The Polish Heritage Society
Duke of Gloucester to unveil restored Chopin memorial at Southbank Centre
Twenty years after Poland achieved Chopin’s dream of a truly free nation, a statue of the great composer and Polish patriot is being unveiled by HRH the Duke of Gloucester in the presence of The Ambassador of the Republic of Poland to the United Kingdom, Her Excellency Ms Barbara Tuge-Erecińska on May 18th at 11am at Southbank Centre.
The statue was a gift of the Polish people to the British Nation for its help in fighting Nazi tyranny. It is also inscribed as a memorial to the 250,000 Poles who fought under British Command “for your freedom and ours”. Following the unveiling of the restored monument, Her Excellency Ms Barbara Tuge-Erecińska is laying a wreath in memory of Britons who paid the ultimate sacrifice in World War II.
David Lidington MP, Britain’s Minister for Europe, is also laying a wreath in memory of the Poles who gave up their lives defending the United Kingdom.
Her Excellency Ms Barbara Tuge-Erecińska will say: 'It is a great privilege to lay a wreath here today; Chopin is one of Poland’s greatest sons and, through his music, he is the incarnation of the passion of a resilient people and of the drama of its history. Like all great artists, he does not belong to one country alone. He is a treasure and a joy for the world at large.'
'It is also fitting that the unveiling of the statue takes place now, in light of Poland’s Presidency of the European Council which will begin in July—a poignant moment for our nation, emphasising that we have achieved the freedom that was Chopin’s lifelong dream and inspiration to his music.'
It has long been a tradition in Poland for people to lay flowers on statues to Chopin and it is hoped this tradition will be adopted here by visitors to the Southbank Centre. The renowned Chinese pianist Lang Lang will be visiting the statue to do so on May 22nd, to soon be followed by the accomplished French pianist, Helene Grimaud.
Dr. Marek Stella-Sawicki, Chairman of the Polish Heritage Society explained “This abstract bronze (weighing 2 tons), was designed by the Polish sculptor Bronislaw Kubica, and is according to the Daily Telegraph ‘perfectly adjusted to its setting. Its austerity is in tune with the buildings around it, but it has sufficient references to direct human connotations to evoke an immediate response, providing an admirable foil to the surrounding buildings.’ The statue has a symbolic significance for the Polish people as the music of Chopin is regarded as the highest expression of Polish patriotism and an emblem of Poland’s historical struggles.'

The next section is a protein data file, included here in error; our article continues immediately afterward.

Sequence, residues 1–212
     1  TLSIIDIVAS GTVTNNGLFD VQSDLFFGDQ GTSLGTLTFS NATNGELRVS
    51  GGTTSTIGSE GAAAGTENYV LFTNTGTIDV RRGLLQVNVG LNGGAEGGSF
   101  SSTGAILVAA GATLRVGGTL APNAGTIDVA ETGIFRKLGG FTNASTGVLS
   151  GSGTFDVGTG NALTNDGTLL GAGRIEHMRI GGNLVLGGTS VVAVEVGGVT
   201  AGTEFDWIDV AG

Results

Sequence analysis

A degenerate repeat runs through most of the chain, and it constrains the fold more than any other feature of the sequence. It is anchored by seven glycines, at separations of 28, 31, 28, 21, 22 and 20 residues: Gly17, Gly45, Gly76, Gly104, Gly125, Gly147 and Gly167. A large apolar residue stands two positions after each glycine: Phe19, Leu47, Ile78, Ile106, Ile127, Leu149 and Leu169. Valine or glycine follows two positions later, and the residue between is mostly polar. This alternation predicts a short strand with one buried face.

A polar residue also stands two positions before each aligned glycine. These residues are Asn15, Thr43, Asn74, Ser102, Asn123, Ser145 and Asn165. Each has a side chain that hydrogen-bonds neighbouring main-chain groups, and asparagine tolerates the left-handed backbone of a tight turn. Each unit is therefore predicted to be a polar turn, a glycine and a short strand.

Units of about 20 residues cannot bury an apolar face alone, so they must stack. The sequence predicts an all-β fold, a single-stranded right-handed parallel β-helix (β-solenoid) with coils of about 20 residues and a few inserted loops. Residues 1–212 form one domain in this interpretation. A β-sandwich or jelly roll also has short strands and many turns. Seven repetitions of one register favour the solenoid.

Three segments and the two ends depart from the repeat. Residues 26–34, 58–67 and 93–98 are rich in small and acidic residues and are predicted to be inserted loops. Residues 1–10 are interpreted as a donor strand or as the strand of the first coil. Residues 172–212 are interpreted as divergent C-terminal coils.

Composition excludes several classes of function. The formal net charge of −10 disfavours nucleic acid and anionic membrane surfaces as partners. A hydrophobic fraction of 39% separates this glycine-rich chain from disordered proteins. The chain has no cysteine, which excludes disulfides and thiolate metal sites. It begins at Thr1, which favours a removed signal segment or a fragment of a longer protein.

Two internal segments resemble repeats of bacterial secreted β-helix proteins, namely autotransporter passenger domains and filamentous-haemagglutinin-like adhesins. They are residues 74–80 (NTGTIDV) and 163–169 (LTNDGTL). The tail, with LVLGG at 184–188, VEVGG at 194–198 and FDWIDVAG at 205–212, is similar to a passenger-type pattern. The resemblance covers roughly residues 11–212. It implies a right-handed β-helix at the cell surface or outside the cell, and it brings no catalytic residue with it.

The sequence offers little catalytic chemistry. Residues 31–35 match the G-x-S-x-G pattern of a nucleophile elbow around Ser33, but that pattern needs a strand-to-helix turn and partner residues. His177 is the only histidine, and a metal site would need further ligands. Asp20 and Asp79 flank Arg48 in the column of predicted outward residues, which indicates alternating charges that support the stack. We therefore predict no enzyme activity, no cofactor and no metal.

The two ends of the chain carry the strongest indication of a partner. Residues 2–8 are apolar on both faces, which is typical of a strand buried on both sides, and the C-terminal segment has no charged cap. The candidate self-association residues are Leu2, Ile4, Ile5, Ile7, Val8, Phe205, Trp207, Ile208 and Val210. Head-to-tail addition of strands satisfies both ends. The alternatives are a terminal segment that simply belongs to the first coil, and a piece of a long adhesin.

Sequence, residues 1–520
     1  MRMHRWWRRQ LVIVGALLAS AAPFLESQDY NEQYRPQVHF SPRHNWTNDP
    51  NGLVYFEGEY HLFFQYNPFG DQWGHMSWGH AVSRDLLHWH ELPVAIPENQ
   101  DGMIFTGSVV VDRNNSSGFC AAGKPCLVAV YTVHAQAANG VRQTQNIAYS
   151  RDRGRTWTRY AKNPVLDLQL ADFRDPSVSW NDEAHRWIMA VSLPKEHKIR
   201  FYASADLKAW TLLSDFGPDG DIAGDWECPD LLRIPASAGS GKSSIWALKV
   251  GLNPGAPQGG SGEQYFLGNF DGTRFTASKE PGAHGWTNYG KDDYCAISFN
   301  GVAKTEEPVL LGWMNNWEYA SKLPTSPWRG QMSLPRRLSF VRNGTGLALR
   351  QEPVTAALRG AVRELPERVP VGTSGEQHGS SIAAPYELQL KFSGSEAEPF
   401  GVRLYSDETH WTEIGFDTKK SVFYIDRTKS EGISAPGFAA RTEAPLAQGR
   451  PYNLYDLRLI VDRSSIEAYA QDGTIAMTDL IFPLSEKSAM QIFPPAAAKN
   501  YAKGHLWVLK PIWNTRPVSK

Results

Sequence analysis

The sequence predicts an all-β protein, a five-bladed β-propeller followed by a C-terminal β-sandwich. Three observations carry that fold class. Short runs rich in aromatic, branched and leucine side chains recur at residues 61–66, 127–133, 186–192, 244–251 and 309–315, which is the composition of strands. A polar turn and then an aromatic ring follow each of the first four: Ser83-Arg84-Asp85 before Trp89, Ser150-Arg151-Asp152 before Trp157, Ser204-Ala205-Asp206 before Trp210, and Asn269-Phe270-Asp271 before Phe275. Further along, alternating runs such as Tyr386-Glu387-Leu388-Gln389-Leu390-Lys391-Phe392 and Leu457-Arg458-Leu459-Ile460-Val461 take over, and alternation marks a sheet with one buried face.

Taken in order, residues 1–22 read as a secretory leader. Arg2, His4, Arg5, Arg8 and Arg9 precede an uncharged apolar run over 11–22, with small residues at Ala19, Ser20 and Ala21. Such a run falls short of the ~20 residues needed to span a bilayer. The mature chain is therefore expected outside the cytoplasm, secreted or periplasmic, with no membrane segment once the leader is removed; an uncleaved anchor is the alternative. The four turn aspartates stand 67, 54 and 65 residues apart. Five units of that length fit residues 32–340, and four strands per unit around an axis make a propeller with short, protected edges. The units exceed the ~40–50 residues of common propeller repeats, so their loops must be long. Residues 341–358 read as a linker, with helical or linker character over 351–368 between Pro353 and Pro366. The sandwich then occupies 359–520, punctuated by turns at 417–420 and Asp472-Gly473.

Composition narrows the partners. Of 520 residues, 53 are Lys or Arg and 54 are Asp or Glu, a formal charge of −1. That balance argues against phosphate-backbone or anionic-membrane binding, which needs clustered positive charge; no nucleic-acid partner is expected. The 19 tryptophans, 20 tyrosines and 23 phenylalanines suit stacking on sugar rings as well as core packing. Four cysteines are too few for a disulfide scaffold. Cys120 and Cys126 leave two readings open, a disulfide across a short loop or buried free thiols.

Following the unveiling, a Chopin recital by Alexander Ardakov is taking place in front of 400 guests in the Purcell Room.
The statue was originally unveiled on 26th February 1975 by HRH Princess Alice, Duchess of Gloucester, the mother of the present Duke of Gloucester, and for more than 10 years stood outside the entrance of the Royal Festival Hall opposite the Hayward Gallery. It was removed for safe-keeping during the refurbishment of the Hall and has remained in storage since then.
To mark the bicentenary of the birth of the composer in 2010, The Polish Heritage Society, with the support of The Polish Ambassador to the United Kingdom, Her Excellency Ms Barbara Tuge-Erecinska, proposed that the statue be renovated and finally returned to its original home near the banks of the River Thames, in the City where Chopin performed his last public recital.